Radar Observations of the Diurnally Forced Offshore Convective Lines along the Southeastern Coast of Taiwan

Cheng-Ku Yu; Ben Jong-Dao Jou
June 2005
Monthly Weather Review;Jun2005, Vol. 133 Issue 6, p1613
Academic Journal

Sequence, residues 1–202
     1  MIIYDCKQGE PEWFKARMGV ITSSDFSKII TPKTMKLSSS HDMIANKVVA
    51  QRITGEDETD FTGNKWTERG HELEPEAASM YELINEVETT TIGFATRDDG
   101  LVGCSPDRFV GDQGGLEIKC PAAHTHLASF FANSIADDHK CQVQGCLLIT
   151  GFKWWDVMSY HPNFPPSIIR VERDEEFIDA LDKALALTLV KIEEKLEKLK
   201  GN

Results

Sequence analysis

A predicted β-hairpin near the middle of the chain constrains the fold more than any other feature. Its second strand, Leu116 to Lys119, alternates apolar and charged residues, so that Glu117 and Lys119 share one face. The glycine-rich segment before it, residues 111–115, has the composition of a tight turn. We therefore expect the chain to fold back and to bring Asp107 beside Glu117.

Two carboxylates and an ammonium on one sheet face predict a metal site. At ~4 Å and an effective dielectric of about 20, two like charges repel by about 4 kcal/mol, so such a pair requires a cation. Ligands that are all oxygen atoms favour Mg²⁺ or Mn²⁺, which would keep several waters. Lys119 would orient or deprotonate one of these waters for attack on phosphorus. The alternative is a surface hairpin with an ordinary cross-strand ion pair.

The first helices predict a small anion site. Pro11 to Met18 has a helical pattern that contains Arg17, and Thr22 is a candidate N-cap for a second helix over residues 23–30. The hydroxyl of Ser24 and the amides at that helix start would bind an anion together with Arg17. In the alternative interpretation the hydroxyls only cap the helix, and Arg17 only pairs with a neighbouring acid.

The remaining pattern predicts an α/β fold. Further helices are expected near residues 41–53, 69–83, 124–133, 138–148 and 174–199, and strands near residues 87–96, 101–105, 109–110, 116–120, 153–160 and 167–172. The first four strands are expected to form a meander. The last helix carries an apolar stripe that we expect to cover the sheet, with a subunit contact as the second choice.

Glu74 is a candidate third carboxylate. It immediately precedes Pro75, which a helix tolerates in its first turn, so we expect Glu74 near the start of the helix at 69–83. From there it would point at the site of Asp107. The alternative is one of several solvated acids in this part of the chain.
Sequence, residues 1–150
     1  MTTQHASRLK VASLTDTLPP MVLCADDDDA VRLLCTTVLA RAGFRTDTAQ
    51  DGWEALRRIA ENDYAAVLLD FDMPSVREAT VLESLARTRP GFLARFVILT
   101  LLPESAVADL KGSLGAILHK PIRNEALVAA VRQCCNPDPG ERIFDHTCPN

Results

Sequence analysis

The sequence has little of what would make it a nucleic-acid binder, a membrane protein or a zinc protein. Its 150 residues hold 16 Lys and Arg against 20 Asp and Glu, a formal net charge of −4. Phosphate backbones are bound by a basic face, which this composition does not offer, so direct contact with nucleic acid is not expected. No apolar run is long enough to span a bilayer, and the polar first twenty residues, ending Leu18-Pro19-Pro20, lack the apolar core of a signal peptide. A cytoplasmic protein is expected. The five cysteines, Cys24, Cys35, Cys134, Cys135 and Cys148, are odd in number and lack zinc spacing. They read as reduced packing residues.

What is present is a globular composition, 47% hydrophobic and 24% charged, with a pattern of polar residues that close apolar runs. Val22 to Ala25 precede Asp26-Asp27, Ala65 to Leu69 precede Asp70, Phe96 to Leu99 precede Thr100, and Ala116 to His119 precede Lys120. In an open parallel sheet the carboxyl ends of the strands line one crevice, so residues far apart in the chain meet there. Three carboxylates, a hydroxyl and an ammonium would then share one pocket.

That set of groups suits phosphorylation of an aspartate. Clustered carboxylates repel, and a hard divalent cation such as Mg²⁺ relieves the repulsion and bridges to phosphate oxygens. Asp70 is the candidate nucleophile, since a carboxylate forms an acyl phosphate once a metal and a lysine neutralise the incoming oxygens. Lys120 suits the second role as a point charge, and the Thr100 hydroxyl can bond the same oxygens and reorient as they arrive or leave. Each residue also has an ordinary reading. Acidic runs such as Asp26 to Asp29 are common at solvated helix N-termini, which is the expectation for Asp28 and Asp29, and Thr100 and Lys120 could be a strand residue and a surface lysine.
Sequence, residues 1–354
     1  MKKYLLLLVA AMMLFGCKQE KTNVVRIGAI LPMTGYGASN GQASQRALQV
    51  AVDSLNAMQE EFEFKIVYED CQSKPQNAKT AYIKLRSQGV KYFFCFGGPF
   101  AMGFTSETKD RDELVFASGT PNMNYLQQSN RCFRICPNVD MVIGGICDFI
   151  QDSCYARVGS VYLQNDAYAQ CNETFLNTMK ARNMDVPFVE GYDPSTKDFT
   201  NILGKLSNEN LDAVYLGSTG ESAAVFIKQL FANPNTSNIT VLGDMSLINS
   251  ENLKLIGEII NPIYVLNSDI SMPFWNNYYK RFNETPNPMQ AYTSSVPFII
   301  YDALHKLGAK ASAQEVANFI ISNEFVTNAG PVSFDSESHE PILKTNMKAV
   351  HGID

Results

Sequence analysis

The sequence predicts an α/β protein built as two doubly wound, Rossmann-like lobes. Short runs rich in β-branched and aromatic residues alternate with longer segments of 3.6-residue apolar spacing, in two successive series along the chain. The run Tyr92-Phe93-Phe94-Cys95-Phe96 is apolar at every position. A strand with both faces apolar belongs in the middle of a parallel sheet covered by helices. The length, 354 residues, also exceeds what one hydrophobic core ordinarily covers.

This study documents offshore convective lines along the southeastern coast of Taiwan, a frequent but poorly understood mesoscale phenomenon that influences coastal weather during the Taiwan mei-yu season. Doppler radar and surface observations were gathered from a specially chosen period (11–15 May 1998) when the offshore convective lines were active off the southeastern coast of Taiwan. These observations were used to show the basic character, structure, and possible formative processes of offshore convective lines. The synoptic environment accompanying these events was found to be relatively undisturbed and featured uniformly prevailing southerly/south-southeasterly winds in the boundary layer with southwesterlies/westerlies aloft. Examination of radar data during the study period indicates that the lines generally occurred ∼10–30 km offshore and were characterized by an elongated narrow zone (∼5–10 km wide) of heavy precipitation. The lines were oriented roughly parallel to the coastline and generally did not move significantly. The intensity of the radar reflectivity associated with the lines exhibited a marked diurnal variation and was closely related to the coastal offshore flow developing at night. Detailed analyses of an event on 14–15 May 1998 further show the important physical link between the offshore flow and the development of the line. The offshore line was found to be located near and immediately ahead of the seaward extent of the offshore flow. Particularly, a very narrow zone (∼2 km) of low-level heavy precipitation (40–45 dBZ) coincided with regions of strong updrafts and convergence, where the prevailing southerly onshore flow encountered the cool offshore flow nearshore. This offshore flow–induced convergence, given a stable thermodynamic condition in the lowest ∼1 km in the inflow region, was a crucial low-level forcing that provided lifting to trigger moist deep convection in this case. The line’s precipitation tilt eastward was confined primarily to the warmer inflow side rather than feeding the offshore flow to the west of the line. No consistent upshear tilt of updrafts throughout the storm layer was observed, which is consistent with the presence of a strong westerly shear in the line’s environment. Both of these observations explain a relatively strong (weak) modification of low-level onshore (offshore) flow by precipitation. Additionally, a combination of surface and Doppler radar observations indicates that the leading edge of the offshore flow moved seaward very slowly at 0.7 m s-1 and possessed a frontal character with notable discontinuities in near-surface wind and temperature (instead of pressure and dewpoint temperature).


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